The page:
Depression and First Responders

Everyone feels sad or burned out from time to time. It’s not uncommon for people to have a bad day, or even a few bad days. Depression, though, is different in both depth and scope. It’s felt more deeply and persists longer, and it can have a profound impact on both the person with depression as well as those who work, live and associate with them.

In a new video on depression and first responders, Dr. Rachelle Zemlok talks about depression, its symptoms, and how to get help for it. First, she suggests three simple strategies to help improve mental wellness by coping with feelings of depression:

Exercise: According to researchers, “Exercise supports nerve cell growth in the hippocampus, improving nerve cell connections, which helps relieve depression.” While it can be difficult to find the motivation to exercise when suffering from depression, the results can be very positive. The hardest step is the first one out the door, whether it’s to head to the gym or even just out for a walk.

Social Support: Many first responders tend to isolate themselves as a way to protect their loved ones from the realities of what they see on the job. But studies have found “robust evidence that social isolation and loneliness significantly increase risk for premature mortality, and the magnitude of the risk exceeds that of many leading health indicators.” In other words, support from friends and family is a fundamental need that nobody should go without.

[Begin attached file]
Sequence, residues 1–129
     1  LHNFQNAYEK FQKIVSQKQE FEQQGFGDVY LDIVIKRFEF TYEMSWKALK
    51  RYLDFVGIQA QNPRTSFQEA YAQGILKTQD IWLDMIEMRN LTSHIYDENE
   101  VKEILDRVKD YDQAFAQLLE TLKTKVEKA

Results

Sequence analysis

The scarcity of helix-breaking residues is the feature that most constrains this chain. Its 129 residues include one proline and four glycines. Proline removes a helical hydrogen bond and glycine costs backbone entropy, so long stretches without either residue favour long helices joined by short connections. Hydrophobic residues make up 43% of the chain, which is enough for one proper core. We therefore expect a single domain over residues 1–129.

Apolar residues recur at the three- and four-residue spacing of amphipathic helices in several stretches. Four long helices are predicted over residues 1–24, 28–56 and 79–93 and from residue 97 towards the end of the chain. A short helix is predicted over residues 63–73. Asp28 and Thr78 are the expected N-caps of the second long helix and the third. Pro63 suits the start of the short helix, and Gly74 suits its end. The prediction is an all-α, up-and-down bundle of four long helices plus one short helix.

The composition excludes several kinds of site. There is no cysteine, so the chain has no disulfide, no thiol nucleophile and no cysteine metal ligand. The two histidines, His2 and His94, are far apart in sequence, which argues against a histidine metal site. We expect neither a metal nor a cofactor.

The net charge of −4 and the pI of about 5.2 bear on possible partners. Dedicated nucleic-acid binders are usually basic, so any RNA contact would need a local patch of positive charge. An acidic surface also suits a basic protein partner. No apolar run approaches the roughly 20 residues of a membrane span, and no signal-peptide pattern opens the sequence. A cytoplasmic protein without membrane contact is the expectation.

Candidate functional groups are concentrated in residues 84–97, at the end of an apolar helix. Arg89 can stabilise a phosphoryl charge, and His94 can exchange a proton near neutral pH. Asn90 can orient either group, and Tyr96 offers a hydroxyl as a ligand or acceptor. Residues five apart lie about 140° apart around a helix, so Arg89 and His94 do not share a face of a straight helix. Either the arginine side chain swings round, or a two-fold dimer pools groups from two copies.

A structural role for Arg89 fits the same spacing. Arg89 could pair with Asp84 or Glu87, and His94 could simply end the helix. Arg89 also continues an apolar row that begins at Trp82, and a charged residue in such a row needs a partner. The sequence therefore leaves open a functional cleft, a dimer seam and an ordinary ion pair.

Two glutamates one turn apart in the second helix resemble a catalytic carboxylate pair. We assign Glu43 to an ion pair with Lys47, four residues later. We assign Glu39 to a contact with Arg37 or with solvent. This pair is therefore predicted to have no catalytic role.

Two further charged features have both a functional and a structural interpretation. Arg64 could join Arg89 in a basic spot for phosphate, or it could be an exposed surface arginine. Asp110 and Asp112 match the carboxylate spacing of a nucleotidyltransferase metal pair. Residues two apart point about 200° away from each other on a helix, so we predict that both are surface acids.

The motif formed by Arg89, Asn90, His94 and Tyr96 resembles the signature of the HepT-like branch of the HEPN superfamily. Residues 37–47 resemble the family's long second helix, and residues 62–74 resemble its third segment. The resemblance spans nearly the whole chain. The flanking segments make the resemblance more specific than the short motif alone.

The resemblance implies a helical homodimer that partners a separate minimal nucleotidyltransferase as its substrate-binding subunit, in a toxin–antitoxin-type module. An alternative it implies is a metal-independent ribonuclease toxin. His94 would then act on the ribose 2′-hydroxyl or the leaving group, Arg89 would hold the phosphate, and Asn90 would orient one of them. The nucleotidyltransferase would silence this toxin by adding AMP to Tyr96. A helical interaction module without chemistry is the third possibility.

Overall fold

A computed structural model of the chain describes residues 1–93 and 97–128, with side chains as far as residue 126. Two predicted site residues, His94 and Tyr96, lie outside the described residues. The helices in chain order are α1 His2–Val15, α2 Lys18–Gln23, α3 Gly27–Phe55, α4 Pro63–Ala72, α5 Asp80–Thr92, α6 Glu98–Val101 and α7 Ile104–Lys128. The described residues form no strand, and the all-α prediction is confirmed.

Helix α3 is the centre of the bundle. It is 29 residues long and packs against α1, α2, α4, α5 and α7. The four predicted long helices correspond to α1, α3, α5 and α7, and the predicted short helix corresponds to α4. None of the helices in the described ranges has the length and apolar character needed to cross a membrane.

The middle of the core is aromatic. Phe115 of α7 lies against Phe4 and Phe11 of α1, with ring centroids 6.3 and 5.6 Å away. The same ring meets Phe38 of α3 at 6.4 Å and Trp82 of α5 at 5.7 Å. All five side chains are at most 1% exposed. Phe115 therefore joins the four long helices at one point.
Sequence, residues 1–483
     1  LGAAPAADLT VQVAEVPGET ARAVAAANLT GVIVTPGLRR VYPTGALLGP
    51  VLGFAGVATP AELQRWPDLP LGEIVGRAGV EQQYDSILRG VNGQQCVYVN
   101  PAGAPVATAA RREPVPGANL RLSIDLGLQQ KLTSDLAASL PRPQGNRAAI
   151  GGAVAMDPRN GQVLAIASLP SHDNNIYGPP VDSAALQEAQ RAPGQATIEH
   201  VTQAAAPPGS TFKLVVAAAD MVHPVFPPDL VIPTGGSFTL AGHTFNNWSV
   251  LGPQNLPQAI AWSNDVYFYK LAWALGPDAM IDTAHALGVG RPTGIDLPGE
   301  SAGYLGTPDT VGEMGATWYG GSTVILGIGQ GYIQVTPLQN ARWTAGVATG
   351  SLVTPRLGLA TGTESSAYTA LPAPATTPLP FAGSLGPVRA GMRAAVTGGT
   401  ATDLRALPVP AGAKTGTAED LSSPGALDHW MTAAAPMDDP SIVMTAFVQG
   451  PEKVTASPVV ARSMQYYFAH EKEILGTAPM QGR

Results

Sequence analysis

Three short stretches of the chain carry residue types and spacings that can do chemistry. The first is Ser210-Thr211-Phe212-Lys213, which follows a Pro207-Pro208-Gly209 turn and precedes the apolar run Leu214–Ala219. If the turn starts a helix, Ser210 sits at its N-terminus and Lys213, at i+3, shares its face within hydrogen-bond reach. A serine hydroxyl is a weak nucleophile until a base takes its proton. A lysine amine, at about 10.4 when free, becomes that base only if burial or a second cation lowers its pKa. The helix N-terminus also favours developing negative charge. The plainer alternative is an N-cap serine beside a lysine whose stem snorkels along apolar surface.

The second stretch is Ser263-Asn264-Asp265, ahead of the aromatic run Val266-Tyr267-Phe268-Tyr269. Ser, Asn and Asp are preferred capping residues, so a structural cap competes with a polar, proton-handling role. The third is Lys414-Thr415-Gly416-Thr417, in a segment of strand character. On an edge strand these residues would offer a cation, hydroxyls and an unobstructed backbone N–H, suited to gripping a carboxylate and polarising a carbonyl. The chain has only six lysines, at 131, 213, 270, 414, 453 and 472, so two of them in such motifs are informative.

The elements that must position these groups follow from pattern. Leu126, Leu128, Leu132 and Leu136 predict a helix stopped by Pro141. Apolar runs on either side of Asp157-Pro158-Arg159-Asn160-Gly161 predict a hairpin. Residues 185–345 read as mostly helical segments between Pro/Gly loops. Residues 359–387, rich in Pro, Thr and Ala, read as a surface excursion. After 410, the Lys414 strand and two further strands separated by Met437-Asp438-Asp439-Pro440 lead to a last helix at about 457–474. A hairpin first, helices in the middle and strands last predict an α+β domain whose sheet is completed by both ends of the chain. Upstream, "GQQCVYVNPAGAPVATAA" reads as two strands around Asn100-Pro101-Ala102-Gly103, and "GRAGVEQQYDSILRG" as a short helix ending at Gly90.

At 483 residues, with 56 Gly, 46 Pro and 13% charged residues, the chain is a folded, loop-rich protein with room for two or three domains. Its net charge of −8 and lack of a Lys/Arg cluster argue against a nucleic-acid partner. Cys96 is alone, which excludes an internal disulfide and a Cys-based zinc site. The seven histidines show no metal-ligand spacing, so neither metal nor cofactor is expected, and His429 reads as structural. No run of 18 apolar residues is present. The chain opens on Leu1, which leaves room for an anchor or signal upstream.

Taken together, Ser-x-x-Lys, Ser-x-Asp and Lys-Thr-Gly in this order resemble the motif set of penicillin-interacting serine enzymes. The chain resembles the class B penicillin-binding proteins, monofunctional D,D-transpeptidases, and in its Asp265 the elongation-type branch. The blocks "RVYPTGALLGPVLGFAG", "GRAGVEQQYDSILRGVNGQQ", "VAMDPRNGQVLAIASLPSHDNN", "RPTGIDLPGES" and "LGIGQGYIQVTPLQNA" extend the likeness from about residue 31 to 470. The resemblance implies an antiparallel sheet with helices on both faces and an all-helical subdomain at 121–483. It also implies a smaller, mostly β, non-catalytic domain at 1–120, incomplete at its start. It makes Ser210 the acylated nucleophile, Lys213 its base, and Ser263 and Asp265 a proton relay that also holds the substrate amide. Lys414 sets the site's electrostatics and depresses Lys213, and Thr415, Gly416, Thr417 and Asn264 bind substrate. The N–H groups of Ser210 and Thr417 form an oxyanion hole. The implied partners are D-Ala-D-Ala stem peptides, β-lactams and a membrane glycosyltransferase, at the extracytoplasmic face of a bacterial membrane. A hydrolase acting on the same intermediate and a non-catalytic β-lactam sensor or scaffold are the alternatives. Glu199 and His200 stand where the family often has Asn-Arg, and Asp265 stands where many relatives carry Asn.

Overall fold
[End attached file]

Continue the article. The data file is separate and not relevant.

Make a plan and follow through: One of the hallmarks of depression is that many sufferers withdraw from the activities that previously brought them happiness. Conversely, studies have shown that “individuals who engaged in more frequent enjoyable leisure activities had better psychological and physical functioning.” The key is to schedule such an activity and then actually do it. Asking others to help hold you accountable can be effective as well.

Second, Dr. Zemlok encourages anyone with depression to get help — from a peer support program, from a chaplain or member of clergy, and/or from a qualified mental health professional. This is especially important for those who experience suicidal ideation.

Want to know more about Cordico, Lexipol’s wellness solution?

Video: Depression – Shift Briefing

If your agency subscribes to Lexipol’s Cordico wellness solution, you can get even more in-depth content from Dr. Zemlok and others, including a wealth of resources to help support your mental health.

Lexipol Team

Lexipol provides public safety and local government with solutions that combine the impact of information with the power of technology. We serve more than 2 million first responders and local government officials with policies, training, wellness resources, grant assistance, and news and analysis.

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